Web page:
Katarina Brickeen – Animation

Spring 2021 – Expected Graduation Spring 2022

For as long as I can remember, I’ve always had a calling towards the artistic aspects of life. From drawing fantastical images, to baking delectable goodies, even to writing about fictional worlds. I kept myself busy practicing in these fields, not necessarily knowing which one I wanted to focus on. Up until my last year in high school, I thought I was going to attend technical school to become a pastry chef. Eventually I realized I needed a profession that would allow me to express myself further, to allow me to keep creating without strict confinements. While I was looking at colleges, I originally intended to become an illustration major and hone my 2D art skills. However, after buying my first graphics tablet, I knew I wanted to focus on digital art instead of traditional art. When I chose animation as my major at the University of Tampa, I had little intention of actually becoming an animator. Instead, I knew the degree would include classes that would teach me further in digital illustration, as well as expose me to new art forms. I’m very glad I made that decision, even if it wasn’t for the right reasons, because during my time as an animation student I was introduced to the field of 3D modeling. I was scared at first, going to Marcio Goncalves’ 3D printing and modeling class, knowing that it was going to be completely different than anything I had done before. Once we started working, however, everything started to click, and I realized that this was something that I was meant to do. I continued forward and took every 3D class available, learning as much as I could and receiving amazing feedback from both Marcio Goncalves and Christopher Christian, my professor for my second 3D printing and modeling class.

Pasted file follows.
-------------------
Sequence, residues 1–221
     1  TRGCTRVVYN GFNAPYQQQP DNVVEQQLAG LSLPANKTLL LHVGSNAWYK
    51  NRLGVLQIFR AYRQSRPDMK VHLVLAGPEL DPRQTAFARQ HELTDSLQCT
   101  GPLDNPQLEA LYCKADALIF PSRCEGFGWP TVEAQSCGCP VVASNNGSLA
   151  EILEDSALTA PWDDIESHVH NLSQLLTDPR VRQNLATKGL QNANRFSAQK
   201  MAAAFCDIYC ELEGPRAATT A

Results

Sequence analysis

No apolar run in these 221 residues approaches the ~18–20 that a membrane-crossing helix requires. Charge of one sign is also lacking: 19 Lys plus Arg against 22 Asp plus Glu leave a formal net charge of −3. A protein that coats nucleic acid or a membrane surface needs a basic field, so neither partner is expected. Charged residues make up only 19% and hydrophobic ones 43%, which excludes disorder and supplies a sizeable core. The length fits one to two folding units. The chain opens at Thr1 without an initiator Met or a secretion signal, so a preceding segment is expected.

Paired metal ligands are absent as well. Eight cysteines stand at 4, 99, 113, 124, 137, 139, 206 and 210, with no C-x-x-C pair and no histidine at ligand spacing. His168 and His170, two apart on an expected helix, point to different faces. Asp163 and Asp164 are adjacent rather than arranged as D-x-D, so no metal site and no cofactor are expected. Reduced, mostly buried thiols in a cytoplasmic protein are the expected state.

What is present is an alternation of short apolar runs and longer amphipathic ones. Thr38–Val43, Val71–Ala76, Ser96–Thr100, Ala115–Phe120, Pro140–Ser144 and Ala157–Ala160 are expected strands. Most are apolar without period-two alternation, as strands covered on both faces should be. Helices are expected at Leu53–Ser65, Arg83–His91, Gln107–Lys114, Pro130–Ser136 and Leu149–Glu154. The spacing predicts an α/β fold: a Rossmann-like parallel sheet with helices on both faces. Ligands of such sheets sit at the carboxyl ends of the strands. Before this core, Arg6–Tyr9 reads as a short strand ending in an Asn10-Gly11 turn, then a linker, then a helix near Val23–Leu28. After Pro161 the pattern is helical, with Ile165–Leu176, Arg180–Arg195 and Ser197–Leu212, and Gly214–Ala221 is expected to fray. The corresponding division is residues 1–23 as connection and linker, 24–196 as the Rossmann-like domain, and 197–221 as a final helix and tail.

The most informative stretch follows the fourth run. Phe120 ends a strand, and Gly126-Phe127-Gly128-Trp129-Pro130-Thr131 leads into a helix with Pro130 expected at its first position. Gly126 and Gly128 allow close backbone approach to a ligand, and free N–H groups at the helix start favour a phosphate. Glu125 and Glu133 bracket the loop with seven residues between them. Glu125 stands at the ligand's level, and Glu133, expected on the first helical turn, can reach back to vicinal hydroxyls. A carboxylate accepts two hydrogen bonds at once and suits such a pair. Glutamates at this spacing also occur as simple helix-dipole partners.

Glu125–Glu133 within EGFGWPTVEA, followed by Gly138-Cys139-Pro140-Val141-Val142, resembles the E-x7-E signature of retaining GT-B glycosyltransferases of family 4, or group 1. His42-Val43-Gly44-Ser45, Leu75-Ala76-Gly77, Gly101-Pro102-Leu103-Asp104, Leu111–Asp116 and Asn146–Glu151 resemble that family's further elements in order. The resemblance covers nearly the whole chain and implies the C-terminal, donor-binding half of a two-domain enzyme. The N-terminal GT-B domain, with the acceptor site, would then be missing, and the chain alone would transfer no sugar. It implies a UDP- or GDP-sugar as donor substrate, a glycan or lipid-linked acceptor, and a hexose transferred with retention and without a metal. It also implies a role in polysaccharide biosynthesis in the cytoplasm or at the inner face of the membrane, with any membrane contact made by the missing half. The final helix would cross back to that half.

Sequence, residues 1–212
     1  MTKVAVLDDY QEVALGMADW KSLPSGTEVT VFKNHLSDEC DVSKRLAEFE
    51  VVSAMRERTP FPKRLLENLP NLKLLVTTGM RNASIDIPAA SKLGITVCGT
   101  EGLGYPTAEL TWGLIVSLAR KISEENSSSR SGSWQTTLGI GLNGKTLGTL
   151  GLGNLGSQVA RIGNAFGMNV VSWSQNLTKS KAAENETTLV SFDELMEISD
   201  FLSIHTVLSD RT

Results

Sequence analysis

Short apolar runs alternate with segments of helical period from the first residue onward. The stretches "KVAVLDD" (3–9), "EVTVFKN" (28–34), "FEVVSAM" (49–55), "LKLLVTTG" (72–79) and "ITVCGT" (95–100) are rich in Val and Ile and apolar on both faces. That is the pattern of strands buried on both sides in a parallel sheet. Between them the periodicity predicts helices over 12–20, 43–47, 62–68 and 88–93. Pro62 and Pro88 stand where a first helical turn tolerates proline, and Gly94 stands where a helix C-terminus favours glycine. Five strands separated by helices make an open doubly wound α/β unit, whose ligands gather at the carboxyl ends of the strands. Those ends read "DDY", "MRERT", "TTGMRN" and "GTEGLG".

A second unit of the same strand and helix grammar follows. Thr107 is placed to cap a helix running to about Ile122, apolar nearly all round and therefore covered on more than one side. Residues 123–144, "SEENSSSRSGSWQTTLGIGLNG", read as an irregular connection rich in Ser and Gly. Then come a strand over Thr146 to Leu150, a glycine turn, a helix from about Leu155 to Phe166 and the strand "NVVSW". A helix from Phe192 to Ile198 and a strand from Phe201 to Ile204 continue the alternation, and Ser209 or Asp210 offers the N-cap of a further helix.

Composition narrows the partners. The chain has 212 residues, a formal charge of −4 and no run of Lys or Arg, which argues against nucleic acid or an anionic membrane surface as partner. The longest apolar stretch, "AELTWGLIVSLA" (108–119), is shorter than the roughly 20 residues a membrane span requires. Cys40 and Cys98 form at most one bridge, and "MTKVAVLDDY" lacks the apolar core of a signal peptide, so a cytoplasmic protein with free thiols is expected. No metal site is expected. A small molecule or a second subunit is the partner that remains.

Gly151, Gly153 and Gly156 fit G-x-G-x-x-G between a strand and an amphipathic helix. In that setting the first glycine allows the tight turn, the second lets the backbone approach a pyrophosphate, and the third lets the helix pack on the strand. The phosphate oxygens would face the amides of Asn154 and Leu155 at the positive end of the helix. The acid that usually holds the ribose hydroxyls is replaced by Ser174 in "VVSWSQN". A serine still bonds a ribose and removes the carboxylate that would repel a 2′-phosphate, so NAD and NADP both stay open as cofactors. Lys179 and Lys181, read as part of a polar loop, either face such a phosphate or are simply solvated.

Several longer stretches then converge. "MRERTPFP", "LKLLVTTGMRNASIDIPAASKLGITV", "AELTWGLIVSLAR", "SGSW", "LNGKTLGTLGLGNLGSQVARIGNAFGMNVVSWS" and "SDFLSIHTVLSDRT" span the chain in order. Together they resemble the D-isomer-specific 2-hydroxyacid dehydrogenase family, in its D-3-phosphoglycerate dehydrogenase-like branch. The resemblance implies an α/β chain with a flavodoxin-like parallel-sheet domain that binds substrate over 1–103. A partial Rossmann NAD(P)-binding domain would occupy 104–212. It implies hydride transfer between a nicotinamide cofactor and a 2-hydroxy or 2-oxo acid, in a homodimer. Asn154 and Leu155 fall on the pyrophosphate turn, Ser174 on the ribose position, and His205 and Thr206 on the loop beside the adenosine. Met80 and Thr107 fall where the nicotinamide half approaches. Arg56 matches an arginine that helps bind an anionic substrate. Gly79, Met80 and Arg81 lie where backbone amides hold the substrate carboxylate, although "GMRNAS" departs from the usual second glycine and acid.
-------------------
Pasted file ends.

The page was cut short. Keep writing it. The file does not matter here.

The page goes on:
Thanks to what I’ve learned so far attending the University of Tampa, I can confidently say that my strengths lie in both illustration and 3D modeling. My skill in both of these fields works towards each other as well. I can create an illustration or character sheet and use that concept to create a 3D model. I can even import that flat image into Maya and work directly off of it. If I get stuck in creating part of an illustration, whether it be on lighting, angle, or proportions, I can create a 3D model to serve as my reference. This synergy between my two interests truly allows me to create better artworks, and allows my artistic expression to shine through.

Unlike a lot of other people I know, I have found myself struggling significantly more with 2D animation rather than 3D. While I have an illustrative and traditional art background, I still cannot wrap my mind around how to create such movement and motion in a 2D space. I found my 2D animation classes to be aggravating, as I felt I was being limited by something I should understand. I do, however, feel that I understand 2D animation much better than before after taking both of Dana Corrigan’s animation classes. These classes also allowed me to see the amazing works being created by the other animation students, inspiring me further to try and understand. This weakness has also led me to gain a higher level of respect for those pursuing 2D animation.

My path has had many twists and turns over the last few years, but I can now say with confidence that I want to work for a game studio as a 3D modeler after I graduate. I also want to continue learning about other fields of artmaking, especially 3D printing and costume crafting. I hope to continue moving forward with my illustration skills as well, and I am considering returning to school to pursue an illustration degree in the future.